Member/Citizen: (Louder) I want the right to food!!
State/Society: (After some reflection) All right, if you insist. It is hereby declared that everyone has the right to have access to sufficient food and water and that the State must adopt reasonable measures, within its available resources, to progressively realize this right.
Member/Citizen: Yeah! I win, I win!
State/Society: Of course you do.

ACT 2: In Court
Member/Citizen: I want food, your honor.
State/Society (Defendant): That would be impossible, your honor. We simply do not have the resources to feed her. There are many others who compete for the same social good and we cannot favor them above her. If you order us to feed her you are infringing the separation of powers by dictating to us what our priorities should be. We have the democratic mandate to determine the pace of socioeconomic upliftment, and currently our priorities lie elsewhere.
Member/Citizen: (Triumphantly) But I have the right to food!
State/Society (Court): Member/Citizen is right. It is hereby declared that the State has acted unreasonably by not taking adequately flexible and inclusive measures to ensure that everyone has access to sufficient food.
Member/Citizen: Yeah! I win, I win.
Everyone: Of course you do.

ACT 3: Back on the Streets
Member/Citizen: I am hungry.
State/Society: (Silence) . . .
Member/Citizen: I want food!
State/Society: We have already given you what you wanted. You have won, remember? Now please go away. There is nothing more that we can do.
Member/Citizen: But I am hungry!
State/Society: Shut up.
(Member/Citizen mutely attempts to swallow the judgment in her favor.)

The ‘play’ also flags up another way in which the ‘right to the city’ might be divested of its power. Here, although the right may be ‘collective’ it is largely powerless. Here, it is useful to turn to Inga Markovits work on ‘bourgeois’ and ‘socialist’ law.[3] Markovits argues that bourgeois law is primarily characterised ‘[a]s individual entitlements’ which ‘confer autonomy in a limited area’ (p.614). This is counterposed with ‘socialist rights’ which, are not individual trumps but:
[P]olicy declarations. Instead of protecting individual autonomy, they set public standards for desirable goals and behavior. Socialist rights are thus not weapons (which would imply potential hostility between the individual and society) but rather like railroad tickets: they entitle the holder only to travel in the indicated direction. The enforceability of a right is always dependent upon its underlying policy justification.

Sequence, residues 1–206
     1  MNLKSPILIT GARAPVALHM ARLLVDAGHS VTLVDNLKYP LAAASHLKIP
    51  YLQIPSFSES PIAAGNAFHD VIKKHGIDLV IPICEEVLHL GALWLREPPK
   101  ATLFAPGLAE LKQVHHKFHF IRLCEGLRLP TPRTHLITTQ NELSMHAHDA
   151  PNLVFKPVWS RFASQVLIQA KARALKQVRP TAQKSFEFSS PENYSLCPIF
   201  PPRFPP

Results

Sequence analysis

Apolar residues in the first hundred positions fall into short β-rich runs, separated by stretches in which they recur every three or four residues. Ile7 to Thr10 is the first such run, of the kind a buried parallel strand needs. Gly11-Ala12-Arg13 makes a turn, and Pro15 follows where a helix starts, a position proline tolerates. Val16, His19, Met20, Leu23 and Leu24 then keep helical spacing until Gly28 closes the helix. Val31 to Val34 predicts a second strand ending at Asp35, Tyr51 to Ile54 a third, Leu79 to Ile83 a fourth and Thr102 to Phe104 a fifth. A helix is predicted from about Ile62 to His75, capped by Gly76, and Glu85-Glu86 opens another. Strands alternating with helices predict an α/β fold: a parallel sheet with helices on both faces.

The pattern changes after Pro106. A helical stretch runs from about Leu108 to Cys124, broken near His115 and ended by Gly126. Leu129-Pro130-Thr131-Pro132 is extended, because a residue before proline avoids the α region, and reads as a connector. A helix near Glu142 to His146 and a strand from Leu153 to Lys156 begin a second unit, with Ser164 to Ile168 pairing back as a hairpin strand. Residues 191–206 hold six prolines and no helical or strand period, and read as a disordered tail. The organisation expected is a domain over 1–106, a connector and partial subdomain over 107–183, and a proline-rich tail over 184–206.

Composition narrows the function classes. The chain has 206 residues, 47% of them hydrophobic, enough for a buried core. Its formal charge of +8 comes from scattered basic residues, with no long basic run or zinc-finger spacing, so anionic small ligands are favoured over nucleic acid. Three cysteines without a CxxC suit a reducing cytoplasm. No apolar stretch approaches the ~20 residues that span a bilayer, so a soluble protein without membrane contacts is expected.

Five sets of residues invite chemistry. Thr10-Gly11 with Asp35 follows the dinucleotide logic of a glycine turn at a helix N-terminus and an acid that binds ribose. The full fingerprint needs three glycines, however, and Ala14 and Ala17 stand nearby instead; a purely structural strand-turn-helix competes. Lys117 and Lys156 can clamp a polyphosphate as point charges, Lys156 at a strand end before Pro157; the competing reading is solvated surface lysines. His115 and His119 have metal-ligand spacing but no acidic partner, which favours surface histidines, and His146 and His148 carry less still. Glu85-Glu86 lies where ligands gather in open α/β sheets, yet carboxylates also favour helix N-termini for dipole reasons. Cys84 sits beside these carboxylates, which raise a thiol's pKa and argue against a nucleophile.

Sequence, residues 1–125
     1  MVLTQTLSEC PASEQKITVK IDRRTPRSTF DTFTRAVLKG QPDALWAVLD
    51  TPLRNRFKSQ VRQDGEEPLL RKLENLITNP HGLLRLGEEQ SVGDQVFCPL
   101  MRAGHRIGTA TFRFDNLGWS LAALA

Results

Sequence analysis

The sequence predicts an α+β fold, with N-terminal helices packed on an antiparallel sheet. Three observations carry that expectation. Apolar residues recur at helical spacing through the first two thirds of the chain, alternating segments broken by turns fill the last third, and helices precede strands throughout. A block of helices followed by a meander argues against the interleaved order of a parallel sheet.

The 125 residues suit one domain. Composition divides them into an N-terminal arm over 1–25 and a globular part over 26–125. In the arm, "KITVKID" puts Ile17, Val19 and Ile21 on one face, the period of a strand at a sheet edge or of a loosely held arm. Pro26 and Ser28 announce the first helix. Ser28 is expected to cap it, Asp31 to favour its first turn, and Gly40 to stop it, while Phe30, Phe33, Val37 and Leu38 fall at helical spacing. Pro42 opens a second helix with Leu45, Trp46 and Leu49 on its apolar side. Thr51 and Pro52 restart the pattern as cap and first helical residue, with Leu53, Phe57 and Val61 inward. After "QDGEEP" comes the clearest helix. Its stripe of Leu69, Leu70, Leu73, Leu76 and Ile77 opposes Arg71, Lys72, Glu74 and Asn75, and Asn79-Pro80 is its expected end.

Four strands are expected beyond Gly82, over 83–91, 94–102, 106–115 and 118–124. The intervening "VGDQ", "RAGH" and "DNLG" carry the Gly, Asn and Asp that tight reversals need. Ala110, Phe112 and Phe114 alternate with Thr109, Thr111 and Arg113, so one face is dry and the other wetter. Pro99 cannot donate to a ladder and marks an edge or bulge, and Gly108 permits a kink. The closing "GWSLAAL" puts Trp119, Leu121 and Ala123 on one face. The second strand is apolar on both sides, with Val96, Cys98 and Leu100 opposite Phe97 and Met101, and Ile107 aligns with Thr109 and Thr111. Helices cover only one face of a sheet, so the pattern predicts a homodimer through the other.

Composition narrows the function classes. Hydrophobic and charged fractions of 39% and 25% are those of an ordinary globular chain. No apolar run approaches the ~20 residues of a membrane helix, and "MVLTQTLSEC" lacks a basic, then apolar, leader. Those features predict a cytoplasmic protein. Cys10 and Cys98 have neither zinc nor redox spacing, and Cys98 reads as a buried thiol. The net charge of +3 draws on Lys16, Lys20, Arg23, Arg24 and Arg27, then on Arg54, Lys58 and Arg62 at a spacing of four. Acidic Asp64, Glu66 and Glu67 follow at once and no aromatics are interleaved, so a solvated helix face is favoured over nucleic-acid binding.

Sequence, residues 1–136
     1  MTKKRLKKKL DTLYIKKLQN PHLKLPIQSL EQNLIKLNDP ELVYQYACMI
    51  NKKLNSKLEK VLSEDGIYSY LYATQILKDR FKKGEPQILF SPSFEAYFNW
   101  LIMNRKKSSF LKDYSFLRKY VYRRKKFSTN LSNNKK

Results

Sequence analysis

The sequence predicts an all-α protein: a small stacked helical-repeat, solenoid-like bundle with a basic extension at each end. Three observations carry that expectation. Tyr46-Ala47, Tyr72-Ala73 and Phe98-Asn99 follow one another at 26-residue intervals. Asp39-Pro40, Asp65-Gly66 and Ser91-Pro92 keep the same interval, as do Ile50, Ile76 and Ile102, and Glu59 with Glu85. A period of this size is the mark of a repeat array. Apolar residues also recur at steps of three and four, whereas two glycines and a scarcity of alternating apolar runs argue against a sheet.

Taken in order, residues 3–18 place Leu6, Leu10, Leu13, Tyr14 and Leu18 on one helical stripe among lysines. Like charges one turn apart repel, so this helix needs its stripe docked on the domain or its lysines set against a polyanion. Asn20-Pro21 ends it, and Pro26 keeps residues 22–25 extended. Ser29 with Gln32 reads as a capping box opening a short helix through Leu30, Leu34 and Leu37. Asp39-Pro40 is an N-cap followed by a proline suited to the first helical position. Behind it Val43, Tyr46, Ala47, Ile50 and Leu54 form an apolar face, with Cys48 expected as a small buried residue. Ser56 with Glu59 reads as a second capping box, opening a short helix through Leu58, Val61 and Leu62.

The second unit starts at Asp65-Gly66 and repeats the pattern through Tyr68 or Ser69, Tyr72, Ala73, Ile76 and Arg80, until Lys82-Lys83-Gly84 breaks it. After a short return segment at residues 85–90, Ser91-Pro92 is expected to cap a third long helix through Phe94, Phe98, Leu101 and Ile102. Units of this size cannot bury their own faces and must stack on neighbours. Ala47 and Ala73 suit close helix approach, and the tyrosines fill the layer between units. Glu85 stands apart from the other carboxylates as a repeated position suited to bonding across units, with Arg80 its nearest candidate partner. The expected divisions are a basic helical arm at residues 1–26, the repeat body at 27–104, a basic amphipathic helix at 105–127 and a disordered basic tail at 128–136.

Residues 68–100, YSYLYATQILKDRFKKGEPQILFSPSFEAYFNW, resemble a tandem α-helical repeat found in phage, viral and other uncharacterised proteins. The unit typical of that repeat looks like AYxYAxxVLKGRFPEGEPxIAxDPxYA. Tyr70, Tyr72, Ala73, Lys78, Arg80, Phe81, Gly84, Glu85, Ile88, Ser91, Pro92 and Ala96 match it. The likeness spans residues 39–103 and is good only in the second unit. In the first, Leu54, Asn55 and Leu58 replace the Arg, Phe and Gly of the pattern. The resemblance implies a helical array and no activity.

Now here, the right is clearly ‘collective’ but it can – although not necessarily – become rather ineffective.

The alternative posed here – between a perhaps effective but ultimately stymied individual right and a collective, but easily deflected collective right is not the only set of possibilities. But I think we have to acknowledge the fact that historically this has been just about the limit of rights discourse.

This being said, there is perhaps scope for certain radical ‘rights’. The right to the city could be one of these insofar as if we take it seriously it can read as implying a continuous collective intervention in social life. But crucially, I think this model goes far beyond what we would typically think of as rights. Clearly Harvey’s vision of such a right is not one which can be actualised in the law’s typical setting for actualisation – the court. This is because the social transformation required to create the right to the city simply could not be subject to legal remedies (what would the remedy be to such a violation – the judge hereby orders the establishment of a London Soviet?). So, in this sense, the elaboration and articulation of this right can only be seen in the light of the struggle of social movements. The right can only be meaningful when it animates and is animated by the struggle of the oppressed. Here there are obvious parallels with Bill Bowring’s work.[4]

But I think the question then becomes well why use human rights discourse at all. Harvey’s argument is clearly that human rights discourse has attained an important position in contemporary society, and as such should be taken advantage of. And here we return to a familiar theme in my blog. The contingency with which Harvey treats the negative effects of human rights and their legality is quite telling. Thus, his account foregrounds the fact that ‘[w]e live … in a world in which the rights of private property and the profit rate trump all other notions of rights’ (p.23). Here, the problem of human rights is seen as one of iniquitous content as opposed to form. This ignores, however, the pressures that the rights form exerts on any – even revolutionary content – pushing it towards those two alternatives I outlined above. The pressures of the rights-form – pushing towards individualism and abstraction – can obviously be combated – but I’m not sure that the benefits of rights rhetoric outweigh the costs (not to mention the broader problems of legitimating the entire structure of Law’s Empire).

[1] David Harvey, ‘The Right to the City’ (2008) 53 New Left Review 23
[2] Marius Pieterse, ‘Eating Socioeconomic Rights: The Usefulness of Rights Talk in Alleviating Social Hardship Revisited’ (2007) 29 Human Rights Quarterly 796
[3] Inga Markovits, ‘Socialist Rights vs. Bourgeois Rights: An East-West German Comparison’ (1978) 45 The University of Chicago Law Review 612
[4] Bill Bowring, The Degradation of the International Legal Order? (2008) Routledge

No comments: